November, 2020 – she called, having experience shortness of breath – went to the ER for removal of a liquid surrounding the lungs.  In the process of this, a CT scan revealed an abdominal mass.  When surgically removed and reviewed – ovarian cancer of a rare and slow-growing type (which meant not responsive to chemo).  In January of 2021 she entered a clinical trial.  She did very well.

Suddenly things began to change.  For him, the clinical trial stopped working.  The cancer invaded the biliary tree in the liver, and all attempts to help bile leave the liver were unavailing.  Although another trial showed promise, the fight to get there was lost.  He left us on May 2, 2021, having survived 21 months post-diagnosis of a type of cancer that rarely if ever allows for more than months of life.

And while all this was happening, she was doing well.  A dancer, a lover of nature, she thrived on this beautiful island.  From January 2021 to June 2021 she was upbeat, feeling good, feeling positive, enjoying life in paradise, her name for her home on Maui.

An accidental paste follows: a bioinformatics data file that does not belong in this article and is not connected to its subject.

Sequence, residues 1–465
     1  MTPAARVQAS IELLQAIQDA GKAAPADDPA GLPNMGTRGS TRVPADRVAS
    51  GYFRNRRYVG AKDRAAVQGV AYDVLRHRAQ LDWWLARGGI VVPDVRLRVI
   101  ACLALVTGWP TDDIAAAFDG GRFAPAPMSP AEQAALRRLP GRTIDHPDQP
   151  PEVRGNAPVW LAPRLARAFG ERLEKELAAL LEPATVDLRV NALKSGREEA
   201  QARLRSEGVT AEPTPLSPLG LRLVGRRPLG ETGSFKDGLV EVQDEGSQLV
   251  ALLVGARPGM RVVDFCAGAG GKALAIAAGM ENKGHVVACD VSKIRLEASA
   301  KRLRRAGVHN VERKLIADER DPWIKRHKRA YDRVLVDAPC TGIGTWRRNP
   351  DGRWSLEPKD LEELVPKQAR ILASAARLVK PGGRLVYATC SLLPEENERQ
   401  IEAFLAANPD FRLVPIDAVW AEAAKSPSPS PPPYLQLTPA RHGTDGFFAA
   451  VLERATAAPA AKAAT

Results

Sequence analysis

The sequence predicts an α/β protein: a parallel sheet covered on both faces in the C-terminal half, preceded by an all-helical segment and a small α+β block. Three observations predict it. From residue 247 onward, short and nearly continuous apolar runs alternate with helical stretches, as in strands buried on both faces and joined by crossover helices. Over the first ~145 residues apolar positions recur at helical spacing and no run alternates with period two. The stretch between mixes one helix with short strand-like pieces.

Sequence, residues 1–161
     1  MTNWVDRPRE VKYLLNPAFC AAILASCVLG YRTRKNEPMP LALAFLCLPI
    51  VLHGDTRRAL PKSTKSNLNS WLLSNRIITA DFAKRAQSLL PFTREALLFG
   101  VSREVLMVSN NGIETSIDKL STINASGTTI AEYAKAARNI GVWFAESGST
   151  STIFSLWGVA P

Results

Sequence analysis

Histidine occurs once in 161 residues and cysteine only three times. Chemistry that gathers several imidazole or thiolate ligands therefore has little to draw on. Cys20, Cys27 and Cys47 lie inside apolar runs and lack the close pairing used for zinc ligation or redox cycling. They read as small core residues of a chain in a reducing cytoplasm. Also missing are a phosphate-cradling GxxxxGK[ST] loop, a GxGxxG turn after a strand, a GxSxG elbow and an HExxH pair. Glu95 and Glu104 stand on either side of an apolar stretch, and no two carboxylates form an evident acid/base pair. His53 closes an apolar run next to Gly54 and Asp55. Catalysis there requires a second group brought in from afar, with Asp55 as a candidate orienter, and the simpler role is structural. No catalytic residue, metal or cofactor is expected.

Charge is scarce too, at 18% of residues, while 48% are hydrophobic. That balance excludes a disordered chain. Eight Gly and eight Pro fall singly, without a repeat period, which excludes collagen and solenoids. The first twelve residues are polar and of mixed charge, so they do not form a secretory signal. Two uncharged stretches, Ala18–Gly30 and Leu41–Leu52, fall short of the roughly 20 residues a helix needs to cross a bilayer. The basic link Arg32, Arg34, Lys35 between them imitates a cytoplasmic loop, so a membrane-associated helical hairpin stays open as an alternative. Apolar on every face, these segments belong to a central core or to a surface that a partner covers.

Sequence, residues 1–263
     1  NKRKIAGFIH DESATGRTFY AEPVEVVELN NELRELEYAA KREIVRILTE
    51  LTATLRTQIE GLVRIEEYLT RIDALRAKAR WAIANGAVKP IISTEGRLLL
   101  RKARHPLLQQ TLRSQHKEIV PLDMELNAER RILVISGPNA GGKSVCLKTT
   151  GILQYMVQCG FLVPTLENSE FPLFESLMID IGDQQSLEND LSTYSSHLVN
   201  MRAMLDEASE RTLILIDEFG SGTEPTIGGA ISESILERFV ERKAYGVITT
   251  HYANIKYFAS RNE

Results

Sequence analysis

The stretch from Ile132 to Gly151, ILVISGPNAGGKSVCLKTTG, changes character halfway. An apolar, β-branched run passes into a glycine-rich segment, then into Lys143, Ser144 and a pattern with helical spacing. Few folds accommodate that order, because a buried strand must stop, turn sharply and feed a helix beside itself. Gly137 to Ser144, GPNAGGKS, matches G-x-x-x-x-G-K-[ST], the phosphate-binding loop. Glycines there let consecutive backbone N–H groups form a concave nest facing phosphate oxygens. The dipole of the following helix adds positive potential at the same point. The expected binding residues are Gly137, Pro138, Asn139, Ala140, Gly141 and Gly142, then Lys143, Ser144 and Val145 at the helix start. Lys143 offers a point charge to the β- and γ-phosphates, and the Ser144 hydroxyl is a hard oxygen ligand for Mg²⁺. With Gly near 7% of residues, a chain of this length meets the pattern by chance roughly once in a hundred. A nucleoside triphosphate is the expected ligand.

Suddenly things began to change.  A sensation of pressure in her legs – unclear origin.  Suddenly problems with digestion.  Next discomfort in abdomen – visit to ER revealing fluid gathered in the abdomen, which when drained showed signs of advanced cancer.  Further hospitalization showed the cancer suddenly invading all major organs.

She went home to her beloved partner and entered hospice care on June 30.  We arrived – her sisters, her niece, her brother-in-law – on July 3.  She knew us.  She thanked us for coming.

She left us on July 4, 2021.

A brother.  A sister.  Both younger than I – ages 70 and 67.  Both lost to rare cancers that overwhelmed the best efforts and best care each could have.  There is no one to blame.  Everyone loved them and fought hard for them, but the cancers were relentless in their proliferation.  They both died surrounded by those who loved them.

And now, those who loved them are faced with the daily task of getting up each day and living lives from which their daily presence is gone.  Those who loved them have to pick up the pieces of life, to face the bureaucracy of death, the death certificates, the computer passwords, the search for things like safe deposit box keys, the bank accounts.